1987 March Strikers at first reject union-backed Norcal offer because of cut-backs in health insurance coverage. A number of strikers stage a hunger strike to demonstrate their resolve. A contract is finally signed with wages at $5.85 an hour, restoration of health benefits, and slightly reduced pension terms.

Scope and Contents

The Frank Bardacke Watsonville Canneries Strike Collection consists of materials collected by Bardacke, one of the founders of the Watsonville chapter of Teamsters for a Democratic Union (TDU) and a resident of that community since the early 1970s, who was actively involved with the support committee for the striking cannery workers. It is largely comprised of newspaper clippings, mainly from the Watsonville Register-Pajaronian, leaflets, and newsletters. Materials date from 1984, the year before the strike, through 1989, although the vast majority of the material is from the strike itself (September 1985 to March 1987).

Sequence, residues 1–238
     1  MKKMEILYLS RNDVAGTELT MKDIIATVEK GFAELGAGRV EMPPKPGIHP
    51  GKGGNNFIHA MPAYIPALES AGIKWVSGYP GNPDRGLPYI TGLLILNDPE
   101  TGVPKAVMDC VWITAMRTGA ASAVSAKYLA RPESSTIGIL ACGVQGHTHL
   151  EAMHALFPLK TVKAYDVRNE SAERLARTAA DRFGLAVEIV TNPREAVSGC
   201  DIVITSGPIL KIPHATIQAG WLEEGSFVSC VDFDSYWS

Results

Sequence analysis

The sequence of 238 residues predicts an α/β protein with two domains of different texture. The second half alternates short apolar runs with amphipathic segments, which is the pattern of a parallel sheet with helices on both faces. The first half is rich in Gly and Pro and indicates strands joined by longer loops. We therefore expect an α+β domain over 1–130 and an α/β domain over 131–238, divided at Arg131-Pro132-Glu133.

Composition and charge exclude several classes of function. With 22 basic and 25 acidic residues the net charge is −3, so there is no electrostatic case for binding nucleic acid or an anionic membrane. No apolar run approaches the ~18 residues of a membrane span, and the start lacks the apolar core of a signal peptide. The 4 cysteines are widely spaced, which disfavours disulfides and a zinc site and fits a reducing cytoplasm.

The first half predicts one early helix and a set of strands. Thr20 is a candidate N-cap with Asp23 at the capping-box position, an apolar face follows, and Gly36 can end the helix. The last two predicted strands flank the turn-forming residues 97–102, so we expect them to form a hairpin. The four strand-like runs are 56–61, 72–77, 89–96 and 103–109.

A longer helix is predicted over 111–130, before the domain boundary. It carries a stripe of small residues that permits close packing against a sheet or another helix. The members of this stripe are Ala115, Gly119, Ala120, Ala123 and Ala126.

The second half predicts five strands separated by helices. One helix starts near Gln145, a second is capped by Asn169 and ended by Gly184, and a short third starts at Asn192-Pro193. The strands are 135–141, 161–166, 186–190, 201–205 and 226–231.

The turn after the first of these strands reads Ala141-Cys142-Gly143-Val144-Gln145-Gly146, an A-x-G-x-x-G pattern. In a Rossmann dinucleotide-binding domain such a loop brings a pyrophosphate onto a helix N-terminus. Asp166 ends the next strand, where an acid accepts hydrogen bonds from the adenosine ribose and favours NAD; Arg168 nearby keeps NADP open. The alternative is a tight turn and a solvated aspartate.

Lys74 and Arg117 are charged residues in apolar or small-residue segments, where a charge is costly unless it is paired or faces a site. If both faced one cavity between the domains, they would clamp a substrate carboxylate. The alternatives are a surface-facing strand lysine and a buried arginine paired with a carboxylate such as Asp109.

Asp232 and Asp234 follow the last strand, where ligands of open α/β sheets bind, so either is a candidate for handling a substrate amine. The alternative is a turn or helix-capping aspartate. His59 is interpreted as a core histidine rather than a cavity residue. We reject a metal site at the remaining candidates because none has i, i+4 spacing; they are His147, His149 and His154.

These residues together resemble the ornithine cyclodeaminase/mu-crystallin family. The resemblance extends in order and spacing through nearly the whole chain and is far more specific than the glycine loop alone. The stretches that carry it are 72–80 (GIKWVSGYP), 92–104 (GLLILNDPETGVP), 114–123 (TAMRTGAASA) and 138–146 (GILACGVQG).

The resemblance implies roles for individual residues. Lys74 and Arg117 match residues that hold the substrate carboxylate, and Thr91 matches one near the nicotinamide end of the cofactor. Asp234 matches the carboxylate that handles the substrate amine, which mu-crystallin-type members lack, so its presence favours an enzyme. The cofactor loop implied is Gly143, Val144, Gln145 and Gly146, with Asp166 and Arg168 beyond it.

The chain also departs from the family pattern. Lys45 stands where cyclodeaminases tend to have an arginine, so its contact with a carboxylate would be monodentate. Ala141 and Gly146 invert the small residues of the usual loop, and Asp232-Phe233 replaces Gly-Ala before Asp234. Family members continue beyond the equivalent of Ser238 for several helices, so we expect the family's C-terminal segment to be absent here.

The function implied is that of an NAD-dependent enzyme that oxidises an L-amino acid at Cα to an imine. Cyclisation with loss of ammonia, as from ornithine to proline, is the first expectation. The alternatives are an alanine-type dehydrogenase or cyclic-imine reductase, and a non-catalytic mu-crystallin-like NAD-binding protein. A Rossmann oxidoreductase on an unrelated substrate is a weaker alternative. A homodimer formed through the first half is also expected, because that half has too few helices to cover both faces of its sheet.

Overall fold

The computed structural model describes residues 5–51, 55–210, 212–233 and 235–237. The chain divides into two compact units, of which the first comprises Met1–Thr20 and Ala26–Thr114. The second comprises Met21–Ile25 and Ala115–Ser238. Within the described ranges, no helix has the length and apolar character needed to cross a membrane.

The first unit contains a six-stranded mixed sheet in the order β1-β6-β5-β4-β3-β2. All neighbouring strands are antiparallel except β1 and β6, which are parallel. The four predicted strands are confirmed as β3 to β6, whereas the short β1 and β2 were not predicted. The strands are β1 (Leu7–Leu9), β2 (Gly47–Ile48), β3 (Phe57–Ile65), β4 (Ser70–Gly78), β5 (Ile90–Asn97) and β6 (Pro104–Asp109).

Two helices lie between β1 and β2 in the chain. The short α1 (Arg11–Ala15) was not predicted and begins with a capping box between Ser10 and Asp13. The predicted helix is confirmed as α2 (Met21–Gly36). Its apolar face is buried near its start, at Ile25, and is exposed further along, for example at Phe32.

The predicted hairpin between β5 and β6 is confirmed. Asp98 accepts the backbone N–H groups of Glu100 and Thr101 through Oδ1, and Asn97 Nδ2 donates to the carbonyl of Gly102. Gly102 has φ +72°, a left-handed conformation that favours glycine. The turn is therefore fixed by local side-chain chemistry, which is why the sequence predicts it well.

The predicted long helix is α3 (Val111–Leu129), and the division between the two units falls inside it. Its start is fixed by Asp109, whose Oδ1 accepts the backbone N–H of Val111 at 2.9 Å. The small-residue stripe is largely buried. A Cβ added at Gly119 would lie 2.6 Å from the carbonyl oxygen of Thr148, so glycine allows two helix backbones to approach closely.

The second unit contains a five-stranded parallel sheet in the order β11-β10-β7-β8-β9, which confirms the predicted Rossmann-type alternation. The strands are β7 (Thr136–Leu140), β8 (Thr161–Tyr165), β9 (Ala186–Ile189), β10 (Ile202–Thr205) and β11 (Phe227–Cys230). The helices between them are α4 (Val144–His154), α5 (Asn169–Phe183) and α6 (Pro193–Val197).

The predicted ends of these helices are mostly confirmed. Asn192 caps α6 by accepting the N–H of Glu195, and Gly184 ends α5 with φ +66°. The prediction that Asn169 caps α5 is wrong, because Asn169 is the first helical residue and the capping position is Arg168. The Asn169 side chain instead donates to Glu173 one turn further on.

Arrangement

The collection is divided into nine series: Teamsters Local 912, Teamsters for a Democratic Union, Community Support for Strike, Media Coverage, Status Reports & Chronology, Legal, Watsonville Canning, Rally Operations Order, and Frank Bardacke. The first four series contain the bulk of the collection.

Indexing Terms

The following terms have been used to index the description of this collection in the library's online public access catalog:
International Brotherhood of Teamsters. Local 912 (Watsonville, Calif.)